And it comes after she suffered her first parliamentary defeat on her flagship Brexit Bill as Tory rebels joined with Labour and the Lib Dems to back an amendment which gives MPs a meaningful vote on the final deal.
The PM struck a bullish tone despite the defeat by stressing that she had won the vast majority of votes on the legislation.
She told reporters: 'I am disappointed with the amendment but actually the EU (Withdrawal) Bill is making good progress through the House of Commons and we are on course to deliver on Brexit,' she told reporters.
'We have have had 36 votes, and we have won 35 of them.'
Meanwhile, Boris Johnson today insisted that Brexit is 'unstoppable' and vowed the UK will 'get it done in a very successful way'.
But while Mrs May had hoped for a victorious meeting after finally sealing a Brexit divorce bill last week, she is facing fresh questions after events in Westminster.
Eleven Conservative MPs rebelled to give the Commons a 'meaningful' vote over any Brexit agreement with the EU, despite government pleas to let ministers retain control.
German Chancellor Angela Merkel arrived by car for the EU gathering in Belgium today (pictured right). Mrs May is in Brussels for a key summit hosted by EU council president Donald Tusk (left)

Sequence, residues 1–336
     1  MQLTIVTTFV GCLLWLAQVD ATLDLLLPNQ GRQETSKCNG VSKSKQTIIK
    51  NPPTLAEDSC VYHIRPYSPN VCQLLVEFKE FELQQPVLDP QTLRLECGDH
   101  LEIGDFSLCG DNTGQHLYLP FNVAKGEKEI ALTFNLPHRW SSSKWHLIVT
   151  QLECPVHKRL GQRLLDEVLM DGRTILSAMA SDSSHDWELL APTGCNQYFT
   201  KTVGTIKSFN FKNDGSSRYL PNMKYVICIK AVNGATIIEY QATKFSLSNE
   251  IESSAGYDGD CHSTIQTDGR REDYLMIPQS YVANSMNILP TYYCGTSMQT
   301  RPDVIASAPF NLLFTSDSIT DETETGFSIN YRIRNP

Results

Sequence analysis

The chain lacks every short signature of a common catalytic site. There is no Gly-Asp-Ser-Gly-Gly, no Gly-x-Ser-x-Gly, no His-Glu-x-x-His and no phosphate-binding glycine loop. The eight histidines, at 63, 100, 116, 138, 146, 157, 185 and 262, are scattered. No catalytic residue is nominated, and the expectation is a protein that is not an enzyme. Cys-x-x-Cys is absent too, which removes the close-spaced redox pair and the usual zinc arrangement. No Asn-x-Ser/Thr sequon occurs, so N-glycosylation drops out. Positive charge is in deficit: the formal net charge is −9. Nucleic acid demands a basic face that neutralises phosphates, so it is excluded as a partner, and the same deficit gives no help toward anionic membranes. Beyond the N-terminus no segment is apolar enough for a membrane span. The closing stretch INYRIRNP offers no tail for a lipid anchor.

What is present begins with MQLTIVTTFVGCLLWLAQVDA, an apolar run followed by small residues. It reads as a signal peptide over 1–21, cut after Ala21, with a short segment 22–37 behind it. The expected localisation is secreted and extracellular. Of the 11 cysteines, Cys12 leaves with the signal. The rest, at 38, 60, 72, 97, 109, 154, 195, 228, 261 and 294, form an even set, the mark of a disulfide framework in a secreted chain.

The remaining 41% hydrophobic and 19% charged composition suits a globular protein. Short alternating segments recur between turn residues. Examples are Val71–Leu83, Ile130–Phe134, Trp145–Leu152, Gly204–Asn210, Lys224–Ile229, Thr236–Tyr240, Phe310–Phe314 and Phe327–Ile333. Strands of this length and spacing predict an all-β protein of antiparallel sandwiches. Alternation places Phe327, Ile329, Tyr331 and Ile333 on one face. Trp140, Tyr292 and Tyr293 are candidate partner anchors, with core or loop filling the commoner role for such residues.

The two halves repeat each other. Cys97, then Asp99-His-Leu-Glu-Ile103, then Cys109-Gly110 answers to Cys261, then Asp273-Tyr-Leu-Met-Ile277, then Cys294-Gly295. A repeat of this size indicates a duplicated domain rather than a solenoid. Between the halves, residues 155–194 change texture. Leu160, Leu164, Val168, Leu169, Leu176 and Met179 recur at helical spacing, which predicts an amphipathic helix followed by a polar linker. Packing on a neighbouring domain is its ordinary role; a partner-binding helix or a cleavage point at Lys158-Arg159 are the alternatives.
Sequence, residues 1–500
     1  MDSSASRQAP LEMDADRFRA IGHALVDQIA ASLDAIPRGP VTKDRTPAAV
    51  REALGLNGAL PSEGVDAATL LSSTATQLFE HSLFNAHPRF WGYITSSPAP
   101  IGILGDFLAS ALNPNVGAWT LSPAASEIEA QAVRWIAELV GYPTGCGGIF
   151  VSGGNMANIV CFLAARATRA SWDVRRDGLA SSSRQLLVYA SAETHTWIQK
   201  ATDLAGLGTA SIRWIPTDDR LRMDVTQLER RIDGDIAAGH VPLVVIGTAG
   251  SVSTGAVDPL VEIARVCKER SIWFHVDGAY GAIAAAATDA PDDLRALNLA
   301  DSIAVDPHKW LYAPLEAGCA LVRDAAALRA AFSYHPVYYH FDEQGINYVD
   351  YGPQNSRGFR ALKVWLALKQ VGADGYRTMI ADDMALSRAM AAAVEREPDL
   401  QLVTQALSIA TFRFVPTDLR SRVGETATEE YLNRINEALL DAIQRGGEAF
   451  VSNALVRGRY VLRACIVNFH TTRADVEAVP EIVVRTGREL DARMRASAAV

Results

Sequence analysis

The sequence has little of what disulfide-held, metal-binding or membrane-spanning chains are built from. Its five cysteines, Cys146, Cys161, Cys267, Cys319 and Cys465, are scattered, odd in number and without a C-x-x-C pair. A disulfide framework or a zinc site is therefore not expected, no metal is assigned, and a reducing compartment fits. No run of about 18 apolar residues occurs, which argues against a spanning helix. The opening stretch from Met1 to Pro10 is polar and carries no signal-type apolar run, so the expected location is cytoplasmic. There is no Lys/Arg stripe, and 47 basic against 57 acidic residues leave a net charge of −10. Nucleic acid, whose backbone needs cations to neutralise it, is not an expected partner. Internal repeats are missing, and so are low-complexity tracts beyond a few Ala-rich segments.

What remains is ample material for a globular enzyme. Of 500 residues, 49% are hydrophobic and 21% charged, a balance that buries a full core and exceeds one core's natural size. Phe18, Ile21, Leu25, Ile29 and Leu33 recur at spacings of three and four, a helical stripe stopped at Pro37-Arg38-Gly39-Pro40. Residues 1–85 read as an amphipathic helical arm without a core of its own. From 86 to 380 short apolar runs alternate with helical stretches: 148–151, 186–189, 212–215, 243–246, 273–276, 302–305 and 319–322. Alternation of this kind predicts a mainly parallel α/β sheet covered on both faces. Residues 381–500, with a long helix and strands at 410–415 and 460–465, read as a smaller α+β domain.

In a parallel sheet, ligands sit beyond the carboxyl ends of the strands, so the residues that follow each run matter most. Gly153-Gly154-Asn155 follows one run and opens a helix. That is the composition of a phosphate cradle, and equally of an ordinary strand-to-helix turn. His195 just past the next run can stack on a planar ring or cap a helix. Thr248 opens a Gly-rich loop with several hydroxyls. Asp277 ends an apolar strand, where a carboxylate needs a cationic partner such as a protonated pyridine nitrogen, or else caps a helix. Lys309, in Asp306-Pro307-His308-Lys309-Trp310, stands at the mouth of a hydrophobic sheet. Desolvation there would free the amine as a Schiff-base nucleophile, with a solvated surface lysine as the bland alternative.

Boris Johnson (pictured in Greenwich today with Defence Secretary Gavin Williamson, far right, and their Japanese counterparts Defense Minister Itsunori Onodera, 2nd right, and Foreign Minister Taro Kono). He said that Brexit is 'unstoppable' despite last night's setback
The result sparked a furious war of words between the rebels and Brexiteers, with one MP even calling for colleagues to be deselected for undermining the PM's negotiating position.
Leading Remainer Anna Souby faced heckles in the chamber this morning that the revolt's ringleaders had been 'drinking champagne' in Westminster's bars after inflicting the defeat. She angrily denied taking any 'pleasure' in rebelling.
The European parliament's chief Brexit coordinator Guy Verhofstadt also waded into the row by mocking the Vote Leave referendum slogan, saying the Commons had 'taken back control'.